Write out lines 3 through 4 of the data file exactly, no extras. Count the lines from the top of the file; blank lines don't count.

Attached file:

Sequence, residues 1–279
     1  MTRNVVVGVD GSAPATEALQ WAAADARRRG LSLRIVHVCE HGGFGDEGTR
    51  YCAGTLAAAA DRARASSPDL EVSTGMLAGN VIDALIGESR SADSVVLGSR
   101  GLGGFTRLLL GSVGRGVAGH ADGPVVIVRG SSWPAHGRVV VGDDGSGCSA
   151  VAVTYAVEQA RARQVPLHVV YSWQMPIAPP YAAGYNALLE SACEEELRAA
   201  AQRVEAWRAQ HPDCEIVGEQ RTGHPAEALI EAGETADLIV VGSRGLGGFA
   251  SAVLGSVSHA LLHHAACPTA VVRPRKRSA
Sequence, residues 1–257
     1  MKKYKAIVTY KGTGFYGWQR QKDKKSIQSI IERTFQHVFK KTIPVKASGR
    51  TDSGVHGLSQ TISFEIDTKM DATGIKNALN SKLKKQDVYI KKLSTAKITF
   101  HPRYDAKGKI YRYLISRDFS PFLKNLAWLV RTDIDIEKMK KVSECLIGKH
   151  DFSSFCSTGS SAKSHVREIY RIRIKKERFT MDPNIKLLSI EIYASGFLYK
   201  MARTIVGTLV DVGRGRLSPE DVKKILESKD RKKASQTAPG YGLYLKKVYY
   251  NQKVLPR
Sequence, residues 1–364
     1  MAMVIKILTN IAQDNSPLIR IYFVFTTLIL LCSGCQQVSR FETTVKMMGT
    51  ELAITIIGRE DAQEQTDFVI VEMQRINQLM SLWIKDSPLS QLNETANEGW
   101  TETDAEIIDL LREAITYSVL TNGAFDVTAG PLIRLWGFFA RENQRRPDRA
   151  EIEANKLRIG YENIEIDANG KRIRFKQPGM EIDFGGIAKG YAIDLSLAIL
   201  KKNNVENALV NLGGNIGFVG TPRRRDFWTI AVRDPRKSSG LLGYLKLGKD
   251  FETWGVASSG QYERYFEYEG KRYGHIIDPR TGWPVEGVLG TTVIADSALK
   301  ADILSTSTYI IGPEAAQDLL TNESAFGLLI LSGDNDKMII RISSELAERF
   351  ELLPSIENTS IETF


    51  YCAGTLAAAA DRARASSPDL EVSTGMLAGN VIDALIGESR SADSVVLGSR
   101  GLGGFTRLLL GSVGRGVAGH ADGPVVIVRG SSWPAHGRVV VGDDGSGCSA